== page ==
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Posted by Yannick Martel on September 10, 2009
I have recently read the french translation of The road less traveled from Scott Peck. I particularly appreciated his arguments on discipline as the base for any progress, including spiritual growth. I would like here to share some of what I noted in the book, and then some thinking on teams which it lead me to. As it will be a bit longish, I am going to split the post in two or three. So bear with me, we are for today talking about discipline.
Scott Peck presents discipline as necessary for any progress or growth. Discipline is necessary for succeeding in any difficult learning situation, any spiritual evolution or any improvement process. The opposite of discipline is laziness, which leads to stagnation, and allows entropy to take over – and thus regression and return to mediocrity. Discipline here is meant as self-discipline, I believe, the one which is coming from inside, not enforced from the outside.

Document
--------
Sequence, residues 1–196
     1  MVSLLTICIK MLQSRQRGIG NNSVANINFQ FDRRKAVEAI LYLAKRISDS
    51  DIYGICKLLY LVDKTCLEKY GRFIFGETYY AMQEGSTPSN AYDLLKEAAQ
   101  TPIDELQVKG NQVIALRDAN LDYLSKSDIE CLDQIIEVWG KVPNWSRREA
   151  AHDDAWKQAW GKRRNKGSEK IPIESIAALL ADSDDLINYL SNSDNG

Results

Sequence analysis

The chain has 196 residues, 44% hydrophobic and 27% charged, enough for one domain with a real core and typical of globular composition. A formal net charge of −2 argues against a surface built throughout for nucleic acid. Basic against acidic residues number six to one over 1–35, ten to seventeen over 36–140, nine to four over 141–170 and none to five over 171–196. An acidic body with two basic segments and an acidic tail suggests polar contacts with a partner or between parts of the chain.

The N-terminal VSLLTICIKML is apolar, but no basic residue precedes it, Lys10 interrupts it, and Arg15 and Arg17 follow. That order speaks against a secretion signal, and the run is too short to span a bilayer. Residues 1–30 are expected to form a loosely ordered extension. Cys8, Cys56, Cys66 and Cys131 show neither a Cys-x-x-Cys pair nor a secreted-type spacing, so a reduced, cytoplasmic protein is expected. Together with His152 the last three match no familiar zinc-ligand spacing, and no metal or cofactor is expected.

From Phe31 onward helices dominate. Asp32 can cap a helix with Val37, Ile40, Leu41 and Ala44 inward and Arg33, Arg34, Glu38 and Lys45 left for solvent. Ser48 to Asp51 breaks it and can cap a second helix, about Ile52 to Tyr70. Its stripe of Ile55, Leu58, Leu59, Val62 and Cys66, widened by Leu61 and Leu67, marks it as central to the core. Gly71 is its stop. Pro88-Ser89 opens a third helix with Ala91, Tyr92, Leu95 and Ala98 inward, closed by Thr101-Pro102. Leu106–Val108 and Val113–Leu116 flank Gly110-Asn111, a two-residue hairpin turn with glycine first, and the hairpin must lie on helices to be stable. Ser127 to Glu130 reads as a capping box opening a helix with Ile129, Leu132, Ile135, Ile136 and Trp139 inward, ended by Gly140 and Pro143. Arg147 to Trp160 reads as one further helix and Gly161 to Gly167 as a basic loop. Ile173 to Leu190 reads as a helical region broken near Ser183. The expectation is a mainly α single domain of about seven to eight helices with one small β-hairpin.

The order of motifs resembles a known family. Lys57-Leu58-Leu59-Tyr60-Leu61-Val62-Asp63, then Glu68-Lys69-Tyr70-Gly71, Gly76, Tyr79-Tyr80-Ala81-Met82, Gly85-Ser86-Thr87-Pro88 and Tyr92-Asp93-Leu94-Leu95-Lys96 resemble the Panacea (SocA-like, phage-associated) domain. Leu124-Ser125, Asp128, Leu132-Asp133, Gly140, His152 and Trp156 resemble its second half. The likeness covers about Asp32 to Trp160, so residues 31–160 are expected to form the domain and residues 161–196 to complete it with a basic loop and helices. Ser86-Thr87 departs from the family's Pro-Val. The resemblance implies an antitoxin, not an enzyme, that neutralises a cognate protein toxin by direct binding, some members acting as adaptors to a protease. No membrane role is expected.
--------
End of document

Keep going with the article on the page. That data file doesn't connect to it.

I see everywhere real life proof of the pertinence of this model. Let us imagine that I have just received an e-mail which makes me angry. I know, intellectually, that I should not answer it immediately, but wait a bit to cool down before doing so, or not answering at all. I can succeed first because I know it, second because I have the discipline to wait for a moment that I know is right – thus deferring my reaction. On the longer term, I can learn about situations in which I can answer immediately and other situations in which I would better defer my reactions – thus being a bit wiser and less subject to my emotions.